Holocaust Survivor William Gingold speaks at Moultrie County History Center
William (Bill) Gingold shares his story with an overflow crowd at the Moultrie County History Center
A large crowd was on hand on Thursday, May 18 at the Moultrie County History Center to hear Holocaust survivor William Gingold. Gingold was actually a survivor of the Warsaw ghetto having been born on September 20, 1939 only weeks after the beginning of the Second World War. The hospital where he was born was bombed the day after his birth but he and his mother escaped with the help of his father. Gingold was introduced to the audience by Dr. Brian Kahn, co-director of the Champaign-Urbana Jewish Federation’s Holocaust Education Center.
Gingold spent the first few years of his life in the Warsaw ghetto where 2/3 of those held died of starvation. They originally tried to escape to Russia but were stopped by Germans who loaded them on trucks and took them back to the ghetto. After surviving a few years under horrific conditions they were able to escape to the Russian border in 1942. Once there they were taken by train to work in Siberian lumber camps. While in Siberia his parents were able to work and earn money and their lives were vastly improved. Eventually they left the lumber camp and moved throughout Russia working in various places until they found their way to Kazakhstan.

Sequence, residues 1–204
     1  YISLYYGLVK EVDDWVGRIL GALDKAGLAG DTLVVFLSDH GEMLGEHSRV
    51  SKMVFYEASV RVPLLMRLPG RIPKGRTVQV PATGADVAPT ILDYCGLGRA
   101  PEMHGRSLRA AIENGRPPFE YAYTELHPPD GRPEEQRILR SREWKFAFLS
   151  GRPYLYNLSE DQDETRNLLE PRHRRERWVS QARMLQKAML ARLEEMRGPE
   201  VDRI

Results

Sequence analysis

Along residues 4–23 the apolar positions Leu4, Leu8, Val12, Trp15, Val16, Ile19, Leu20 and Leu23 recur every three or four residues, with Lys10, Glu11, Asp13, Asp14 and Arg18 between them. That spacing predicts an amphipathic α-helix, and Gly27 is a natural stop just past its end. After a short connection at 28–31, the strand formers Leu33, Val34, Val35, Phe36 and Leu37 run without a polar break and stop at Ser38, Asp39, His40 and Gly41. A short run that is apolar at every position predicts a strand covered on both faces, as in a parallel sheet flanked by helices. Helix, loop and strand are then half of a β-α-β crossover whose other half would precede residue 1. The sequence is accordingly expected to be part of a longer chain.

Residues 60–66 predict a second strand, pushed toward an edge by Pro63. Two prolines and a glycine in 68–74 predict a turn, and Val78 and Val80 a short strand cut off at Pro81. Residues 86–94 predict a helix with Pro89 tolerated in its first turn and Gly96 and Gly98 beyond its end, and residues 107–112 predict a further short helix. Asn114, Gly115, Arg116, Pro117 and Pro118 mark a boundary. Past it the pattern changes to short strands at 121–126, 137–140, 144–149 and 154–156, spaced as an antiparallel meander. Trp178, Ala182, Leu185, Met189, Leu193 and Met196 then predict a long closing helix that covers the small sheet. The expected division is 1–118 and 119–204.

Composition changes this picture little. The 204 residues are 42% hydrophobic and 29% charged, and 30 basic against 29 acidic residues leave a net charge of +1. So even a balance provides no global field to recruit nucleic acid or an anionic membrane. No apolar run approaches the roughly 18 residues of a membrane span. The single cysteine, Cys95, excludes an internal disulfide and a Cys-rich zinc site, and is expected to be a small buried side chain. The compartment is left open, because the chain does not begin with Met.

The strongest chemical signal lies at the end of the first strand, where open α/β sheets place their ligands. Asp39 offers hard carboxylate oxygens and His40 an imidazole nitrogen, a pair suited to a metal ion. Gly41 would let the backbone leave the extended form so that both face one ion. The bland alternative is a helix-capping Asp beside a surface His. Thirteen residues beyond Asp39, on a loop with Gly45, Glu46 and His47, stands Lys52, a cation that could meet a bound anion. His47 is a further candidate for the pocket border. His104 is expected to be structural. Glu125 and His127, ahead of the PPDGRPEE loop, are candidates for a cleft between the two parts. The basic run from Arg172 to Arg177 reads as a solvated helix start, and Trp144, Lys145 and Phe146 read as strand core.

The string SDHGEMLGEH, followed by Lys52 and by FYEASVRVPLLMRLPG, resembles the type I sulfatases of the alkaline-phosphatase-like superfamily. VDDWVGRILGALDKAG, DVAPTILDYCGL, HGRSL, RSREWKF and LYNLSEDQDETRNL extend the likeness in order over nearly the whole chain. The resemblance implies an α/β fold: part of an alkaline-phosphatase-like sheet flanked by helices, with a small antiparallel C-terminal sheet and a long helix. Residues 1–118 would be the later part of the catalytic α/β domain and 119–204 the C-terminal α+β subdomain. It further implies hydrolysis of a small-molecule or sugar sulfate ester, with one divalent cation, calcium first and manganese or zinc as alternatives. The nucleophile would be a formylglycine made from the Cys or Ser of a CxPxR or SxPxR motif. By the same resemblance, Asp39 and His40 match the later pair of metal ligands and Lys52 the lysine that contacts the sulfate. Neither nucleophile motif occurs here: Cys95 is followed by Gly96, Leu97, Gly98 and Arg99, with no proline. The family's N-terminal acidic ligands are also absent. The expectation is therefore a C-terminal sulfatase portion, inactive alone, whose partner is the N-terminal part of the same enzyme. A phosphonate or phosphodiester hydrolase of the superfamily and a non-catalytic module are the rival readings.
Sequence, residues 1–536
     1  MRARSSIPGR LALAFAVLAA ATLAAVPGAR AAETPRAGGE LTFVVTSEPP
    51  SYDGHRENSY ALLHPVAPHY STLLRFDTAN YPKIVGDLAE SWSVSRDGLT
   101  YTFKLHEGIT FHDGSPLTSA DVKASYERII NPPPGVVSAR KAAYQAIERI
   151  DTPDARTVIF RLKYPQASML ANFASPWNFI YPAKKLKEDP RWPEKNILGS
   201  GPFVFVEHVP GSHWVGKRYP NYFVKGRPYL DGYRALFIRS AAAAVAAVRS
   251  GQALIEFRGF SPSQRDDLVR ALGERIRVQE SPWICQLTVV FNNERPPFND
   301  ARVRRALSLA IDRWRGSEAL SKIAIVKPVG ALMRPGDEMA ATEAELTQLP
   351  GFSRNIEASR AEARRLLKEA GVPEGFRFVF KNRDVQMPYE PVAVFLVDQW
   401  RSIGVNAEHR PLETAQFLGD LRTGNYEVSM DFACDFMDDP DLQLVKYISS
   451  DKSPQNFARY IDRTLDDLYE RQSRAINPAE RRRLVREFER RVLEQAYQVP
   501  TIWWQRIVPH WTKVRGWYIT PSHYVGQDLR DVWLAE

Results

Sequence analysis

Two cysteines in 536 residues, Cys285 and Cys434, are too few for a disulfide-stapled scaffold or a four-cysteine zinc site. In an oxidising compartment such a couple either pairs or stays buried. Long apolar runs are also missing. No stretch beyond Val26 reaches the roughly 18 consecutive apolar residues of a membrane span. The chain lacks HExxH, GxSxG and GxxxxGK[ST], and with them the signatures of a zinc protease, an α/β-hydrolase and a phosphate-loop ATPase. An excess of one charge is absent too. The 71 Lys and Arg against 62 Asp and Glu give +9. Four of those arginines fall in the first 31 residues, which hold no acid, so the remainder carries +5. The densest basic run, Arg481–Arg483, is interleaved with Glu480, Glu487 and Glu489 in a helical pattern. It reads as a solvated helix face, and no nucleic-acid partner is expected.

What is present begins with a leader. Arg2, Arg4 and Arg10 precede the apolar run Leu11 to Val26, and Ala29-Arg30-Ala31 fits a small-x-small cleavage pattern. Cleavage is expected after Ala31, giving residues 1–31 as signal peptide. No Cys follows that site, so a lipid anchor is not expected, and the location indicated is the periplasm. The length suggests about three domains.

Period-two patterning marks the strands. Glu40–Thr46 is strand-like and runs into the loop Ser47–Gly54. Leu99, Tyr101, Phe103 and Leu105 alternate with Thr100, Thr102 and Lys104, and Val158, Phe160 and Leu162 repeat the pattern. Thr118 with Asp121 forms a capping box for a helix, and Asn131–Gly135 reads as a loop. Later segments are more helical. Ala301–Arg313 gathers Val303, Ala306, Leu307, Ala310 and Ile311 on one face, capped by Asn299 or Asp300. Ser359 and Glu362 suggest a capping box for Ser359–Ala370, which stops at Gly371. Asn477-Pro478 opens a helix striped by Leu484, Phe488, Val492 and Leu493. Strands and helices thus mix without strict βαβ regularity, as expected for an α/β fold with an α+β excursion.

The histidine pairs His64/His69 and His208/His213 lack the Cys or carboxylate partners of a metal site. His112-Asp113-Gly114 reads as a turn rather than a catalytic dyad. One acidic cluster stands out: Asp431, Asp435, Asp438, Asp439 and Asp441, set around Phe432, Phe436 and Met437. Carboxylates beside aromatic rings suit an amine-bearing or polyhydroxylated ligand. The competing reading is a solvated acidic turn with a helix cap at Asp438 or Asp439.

In September 1945 the family entered the American sector of occupied Berlin and they were eventually sent to Foehrenwald Displaced Persons Camp where they lived for six years. In May of 1951 the Gingold family emigrated to the United States via Ellis Island and ended up in Milwaukee, Wisconsin.
Gingold’s given name was Baruch but when he became a citizen of the United States he had it changed to William because of his admiration of William Boyd who many may remember as Hopalong Cassidy. This came about because he had spent many hours in movie theaters watching cowboy movies and perfecting his English. He later earned his doctorate at the University of Wisconsin, Madison and two post doctoral degrees from UCLA and the University of Minnesota. In 1986 he became a professor of family medicine at the University of Illinois and has stayed there since.
The story of the Gingold family is documented in the book “Tunnel, Smuggle and Collect – A Holocaust Boy’s Story,” by Jeffrey Gingold, Bill’s nephew.
The exhibit, “The Auschwitz Experience in the Art of Prisoners” will be available for viewing at the history center through this Saturday, May 27.